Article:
In an exemplary embodiment, identification mark 11 is a magnet and detector 13 is a proximity sensor, and in particular, a Hall sensor that can detect the presence of magnetic flux during the passage of a magnet. An advantage of this embodiment is that proximity detector 13 does not have to be in physical contact with idler wheel 9 to sense identification mark 11 so that wear on proximity detector 13 is virtually eliminated.

In another embodiment, identification mark 11 is a hole extending through idler wheel 9 while proximity detector 13 includes a light source and light sensor. The light source is positioned on carriage 3 so that once each revolution of idler wheel 9 the light source shines through the hole. The light sensor, which is positioned on the opposite end of the hole, will detect when the light shines through the hole thus generating two position signals for each complete revolution of idler wheel 9.

In addition to these two embodiments, it will be obvious to one of ordinary skill in the art that other identification mark 11 and detector 13 pairs can be used to detect the rotation of idler wheel 9. Also, while the above embodiments are proximity detectors, i.e. the detector is not in contact with the mark, other detectors in which the mark and the detector are in contact may be used as well.

Carriage processor 4 receives the position signal output by proximity detector 13. Because proximity detector 13 outputs a known number of position signals after a full rotation of idler wheel 9, the receipt of the position signals indicates that carriage 3 advanced along track 5 a distance that equals the circumference of idler wheel 9. Based on this position signal, and knowing the starting position of carriage 3 and the history of directions in which carriage 3 has traveled, carriage processor 4 determines the position of carriage 3 on track 5. Carriage processor 4 transmits the location of carriage 3 to control board 7 via copper rails 6. Because carriage processor 4 can determine the exact location of carriage 3 along track 5, control board 7 can use this location information to command carriage processor to position carriage 3 at any desired location along track 5.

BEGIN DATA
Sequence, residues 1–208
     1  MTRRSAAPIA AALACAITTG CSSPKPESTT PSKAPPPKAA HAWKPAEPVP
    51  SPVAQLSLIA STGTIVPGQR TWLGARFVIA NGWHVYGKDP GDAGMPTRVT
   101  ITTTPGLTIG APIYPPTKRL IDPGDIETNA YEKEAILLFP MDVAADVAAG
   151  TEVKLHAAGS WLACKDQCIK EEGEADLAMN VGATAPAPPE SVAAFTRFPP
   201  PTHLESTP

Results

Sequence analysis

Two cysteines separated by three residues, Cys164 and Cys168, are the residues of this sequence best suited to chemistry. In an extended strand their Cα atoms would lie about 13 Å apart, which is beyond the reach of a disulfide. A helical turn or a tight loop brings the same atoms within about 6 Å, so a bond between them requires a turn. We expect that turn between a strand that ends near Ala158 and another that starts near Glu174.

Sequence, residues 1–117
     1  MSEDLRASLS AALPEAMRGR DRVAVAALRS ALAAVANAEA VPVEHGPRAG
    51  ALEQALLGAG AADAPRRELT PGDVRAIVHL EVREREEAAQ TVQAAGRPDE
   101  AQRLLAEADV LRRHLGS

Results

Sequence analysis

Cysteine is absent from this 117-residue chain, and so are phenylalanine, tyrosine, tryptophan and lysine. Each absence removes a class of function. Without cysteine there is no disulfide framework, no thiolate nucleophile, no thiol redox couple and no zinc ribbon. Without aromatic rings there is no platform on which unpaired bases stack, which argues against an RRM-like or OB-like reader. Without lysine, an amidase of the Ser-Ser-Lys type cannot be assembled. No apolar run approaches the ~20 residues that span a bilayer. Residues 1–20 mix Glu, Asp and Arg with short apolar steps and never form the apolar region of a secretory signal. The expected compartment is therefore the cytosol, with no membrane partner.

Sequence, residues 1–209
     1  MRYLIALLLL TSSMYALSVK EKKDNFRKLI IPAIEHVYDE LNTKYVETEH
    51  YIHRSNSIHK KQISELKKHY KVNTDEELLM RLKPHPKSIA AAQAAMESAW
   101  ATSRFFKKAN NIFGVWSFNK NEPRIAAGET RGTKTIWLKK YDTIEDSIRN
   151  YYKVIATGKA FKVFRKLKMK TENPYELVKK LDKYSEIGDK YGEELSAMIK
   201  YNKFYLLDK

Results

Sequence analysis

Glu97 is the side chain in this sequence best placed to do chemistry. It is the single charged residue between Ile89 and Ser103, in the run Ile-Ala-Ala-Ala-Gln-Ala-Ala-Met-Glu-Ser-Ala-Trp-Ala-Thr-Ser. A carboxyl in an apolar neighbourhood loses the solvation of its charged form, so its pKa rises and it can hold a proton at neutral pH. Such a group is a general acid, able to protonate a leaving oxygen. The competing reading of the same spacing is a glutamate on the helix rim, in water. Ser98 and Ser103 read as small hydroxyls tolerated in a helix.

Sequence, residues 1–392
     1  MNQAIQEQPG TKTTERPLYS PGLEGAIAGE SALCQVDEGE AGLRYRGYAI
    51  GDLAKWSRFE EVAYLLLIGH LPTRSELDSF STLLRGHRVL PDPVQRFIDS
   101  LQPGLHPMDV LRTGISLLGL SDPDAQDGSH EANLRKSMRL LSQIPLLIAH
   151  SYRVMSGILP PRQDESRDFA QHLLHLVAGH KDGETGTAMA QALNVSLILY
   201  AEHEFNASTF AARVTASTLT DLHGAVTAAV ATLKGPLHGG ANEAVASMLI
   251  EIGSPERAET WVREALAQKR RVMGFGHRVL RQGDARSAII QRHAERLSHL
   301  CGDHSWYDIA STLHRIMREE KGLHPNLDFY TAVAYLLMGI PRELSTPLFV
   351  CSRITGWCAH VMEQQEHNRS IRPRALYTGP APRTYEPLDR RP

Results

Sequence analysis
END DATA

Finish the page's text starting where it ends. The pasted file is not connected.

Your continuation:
Because idler wheel 9 may slip along track 5 as carriage 3 moves, a full revolution of idler wheel 9 may not always correspond to carriage 3 moving a distance equal to the circumference of idler wheel 9. As a result, over time the position of carriage 3 calculated by carriage processor 4 may not reflect the actual position of carriage 3. To overcome these errors due to slippage, a pair of limit switches 15 are disposed at the end of track 5 that is adjacent the connection between control board 7 and copper rails 6. A single limit switch 16 is disposed at the other end of track 5. When carriage 3 is adjacent pair of limit switches 15, pair of limits switches 15 output a pair of limit signals to carriage processor 4. In response, carriage processor 4 “zeros out” the location of carriage: i.e. sets the position of carriage 3 to the end of track 5 adjacent connection to control board 7. When carriage 3 is adjacent single limit switch 16, a single limit signal is output to carriage processor 4 thereby setting the position of carriage 3 to the opposite end of track 5.